Most people (hopefully) by now know how dangerous it is to leave a dog in a hot car for even a few minutes.
But dogs and cats can face heat-related dangers even around your home. There are some common warning signs about dehydration and preventative measures that are easy to take that can ensure your pet’s happiness and health in the summer sun.
As in humans, water is an irreplaceable component of body function, helping to lubricate joints, regulate body temperature, transport nutrients and flush waste.
Dehydration is a result of a loss of fluid levels due to either increased fluid loss or reduced intake of water. It can be a result of overheating in hot weather or through vomiting or diarrhea, particularly in puppies. Water can be lost through urinating and defecation, but also through panting, breathing and even evaporation through the paws.
Common symptoms of dehydration are sunken eyes, lethargy, loss of appetite, dry mouth, nose and gums, and depression. Dehydration may be a sign of an underlying condition, such as kidney disorders, infectious diseases or cancer. Elderly, pregnant or nursing dogs may also experience dehydration, as can dogs with diabetes.
An easy test that can indicate dehydration is gently lifting the skin on the back of a dog's neck or between the shoulder blades. The skin should return to a normal position immediately (no more than one second) if the dog is properly hydrated. If dehydration is present, the skin may not have the elasticity to return to its normal position. (The elasticity test may not be effective on overweight dogs and it may be difficult on “wrinkly” dogs, like Shar-Peis … in such cases, practice the test when you know your dog is hydrated so you can tell the difference in the event of dehydration.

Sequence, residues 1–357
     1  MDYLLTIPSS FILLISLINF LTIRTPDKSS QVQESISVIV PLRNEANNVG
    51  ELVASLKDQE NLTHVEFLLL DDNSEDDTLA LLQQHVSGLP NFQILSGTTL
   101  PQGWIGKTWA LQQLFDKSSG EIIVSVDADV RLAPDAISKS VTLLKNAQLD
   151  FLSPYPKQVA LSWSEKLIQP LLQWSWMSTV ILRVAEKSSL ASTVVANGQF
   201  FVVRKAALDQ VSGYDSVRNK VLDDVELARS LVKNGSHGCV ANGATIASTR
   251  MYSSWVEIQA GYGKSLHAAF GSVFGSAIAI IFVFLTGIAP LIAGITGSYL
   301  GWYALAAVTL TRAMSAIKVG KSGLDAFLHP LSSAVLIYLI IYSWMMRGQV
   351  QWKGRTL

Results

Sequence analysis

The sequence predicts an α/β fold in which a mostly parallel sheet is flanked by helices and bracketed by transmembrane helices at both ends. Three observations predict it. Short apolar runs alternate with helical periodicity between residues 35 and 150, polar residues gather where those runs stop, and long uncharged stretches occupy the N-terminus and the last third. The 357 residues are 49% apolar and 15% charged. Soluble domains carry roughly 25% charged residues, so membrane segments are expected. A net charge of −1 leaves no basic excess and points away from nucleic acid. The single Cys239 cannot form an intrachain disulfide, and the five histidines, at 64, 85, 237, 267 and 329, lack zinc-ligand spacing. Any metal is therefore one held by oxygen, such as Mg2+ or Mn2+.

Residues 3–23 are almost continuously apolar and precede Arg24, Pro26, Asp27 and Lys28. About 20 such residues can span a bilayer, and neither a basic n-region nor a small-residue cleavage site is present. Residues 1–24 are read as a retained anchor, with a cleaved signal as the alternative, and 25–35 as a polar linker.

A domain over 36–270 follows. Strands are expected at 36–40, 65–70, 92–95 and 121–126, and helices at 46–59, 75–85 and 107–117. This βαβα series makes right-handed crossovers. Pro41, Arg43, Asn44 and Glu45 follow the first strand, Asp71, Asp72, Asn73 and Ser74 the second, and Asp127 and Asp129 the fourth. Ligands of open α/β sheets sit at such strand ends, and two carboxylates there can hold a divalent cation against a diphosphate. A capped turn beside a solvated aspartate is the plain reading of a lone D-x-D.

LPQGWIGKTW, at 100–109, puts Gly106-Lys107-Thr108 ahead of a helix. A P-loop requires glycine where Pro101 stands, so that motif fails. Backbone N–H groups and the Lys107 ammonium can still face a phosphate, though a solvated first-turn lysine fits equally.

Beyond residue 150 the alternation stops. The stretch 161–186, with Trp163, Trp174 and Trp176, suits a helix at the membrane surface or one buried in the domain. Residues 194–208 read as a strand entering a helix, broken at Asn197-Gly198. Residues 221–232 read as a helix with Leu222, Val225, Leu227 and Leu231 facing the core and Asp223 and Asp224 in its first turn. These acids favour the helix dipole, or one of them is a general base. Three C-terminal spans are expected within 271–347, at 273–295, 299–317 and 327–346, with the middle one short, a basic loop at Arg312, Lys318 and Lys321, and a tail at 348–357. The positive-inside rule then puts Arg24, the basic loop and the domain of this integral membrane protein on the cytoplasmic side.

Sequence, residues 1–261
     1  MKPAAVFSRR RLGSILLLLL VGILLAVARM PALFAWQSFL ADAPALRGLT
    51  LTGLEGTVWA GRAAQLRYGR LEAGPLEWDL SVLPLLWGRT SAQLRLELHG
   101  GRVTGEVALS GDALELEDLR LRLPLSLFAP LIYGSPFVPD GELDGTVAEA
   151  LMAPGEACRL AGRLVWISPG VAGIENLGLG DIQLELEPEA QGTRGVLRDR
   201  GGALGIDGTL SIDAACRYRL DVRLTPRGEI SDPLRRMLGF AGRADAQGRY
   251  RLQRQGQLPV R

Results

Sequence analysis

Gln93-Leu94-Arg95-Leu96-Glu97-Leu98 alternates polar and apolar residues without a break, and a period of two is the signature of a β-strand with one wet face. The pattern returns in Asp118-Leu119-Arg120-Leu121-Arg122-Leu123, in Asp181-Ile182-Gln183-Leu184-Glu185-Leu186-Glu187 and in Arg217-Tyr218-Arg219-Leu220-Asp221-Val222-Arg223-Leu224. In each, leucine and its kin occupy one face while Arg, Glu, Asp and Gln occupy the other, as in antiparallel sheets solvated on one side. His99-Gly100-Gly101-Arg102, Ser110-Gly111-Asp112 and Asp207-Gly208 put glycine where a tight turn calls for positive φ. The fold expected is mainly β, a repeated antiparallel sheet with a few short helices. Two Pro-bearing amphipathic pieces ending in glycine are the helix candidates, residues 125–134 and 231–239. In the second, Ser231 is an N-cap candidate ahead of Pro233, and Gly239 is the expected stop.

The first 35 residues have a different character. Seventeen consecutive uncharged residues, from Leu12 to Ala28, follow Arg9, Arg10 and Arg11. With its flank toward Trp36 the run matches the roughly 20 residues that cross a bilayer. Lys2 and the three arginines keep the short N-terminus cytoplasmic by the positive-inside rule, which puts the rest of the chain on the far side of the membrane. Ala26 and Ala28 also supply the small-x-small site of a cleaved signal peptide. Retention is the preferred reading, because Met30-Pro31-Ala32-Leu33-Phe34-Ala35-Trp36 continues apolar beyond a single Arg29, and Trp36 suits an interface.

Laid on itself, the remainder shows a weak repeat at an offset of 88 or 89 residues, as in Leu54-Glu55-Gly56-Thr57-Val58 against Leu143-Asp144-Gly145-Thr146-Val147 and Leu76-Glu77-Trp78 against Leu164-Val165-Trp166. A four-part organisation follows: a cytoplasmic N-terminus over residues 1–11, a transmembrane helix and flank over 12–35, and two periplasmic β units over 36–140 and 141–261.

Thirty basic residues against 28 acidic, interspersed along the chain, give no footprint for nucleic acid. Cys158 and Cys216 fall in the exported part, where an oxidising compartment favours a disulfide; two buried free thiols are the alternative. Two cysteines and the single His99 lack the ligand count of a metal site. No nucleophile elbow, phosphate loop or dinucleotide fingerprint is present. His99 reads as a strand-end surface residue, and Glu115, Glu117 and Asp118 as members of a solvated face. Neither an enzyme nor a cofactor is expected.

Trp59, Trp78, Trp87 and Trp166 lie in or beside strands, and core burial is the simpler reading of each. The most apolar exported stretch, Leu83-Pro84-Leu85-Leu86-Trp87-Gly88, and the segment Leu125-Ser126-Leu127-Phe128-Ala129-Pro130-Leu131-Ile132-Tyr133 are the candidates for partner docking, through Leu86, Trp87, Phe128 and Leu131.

Even so, many signs of dehydration are not identifiable to the untrained observer. Any suspicion of dehydration should be referred to a veterinarian for diagnosis and treatment.
Treating dehydration requires more than providing a bowl of water. It is necessary to replace electrolytes and a veterinarian can provide fluids to balance the system and return to healthy hydration levels.
Veterinarians can quickly alleviate the problem with intravenous or subcutaneous fluids and determine if there is an underlying cause of the problem.
To prevent dehydration, you should:
There has been a great deal of education around dogs in hot cars. This summer, we should also be keeping a close eye on our pets’ in and around the house, seeing how much water they are going through and whether they show any symptoms of dehydration.
Have a great, safe summer!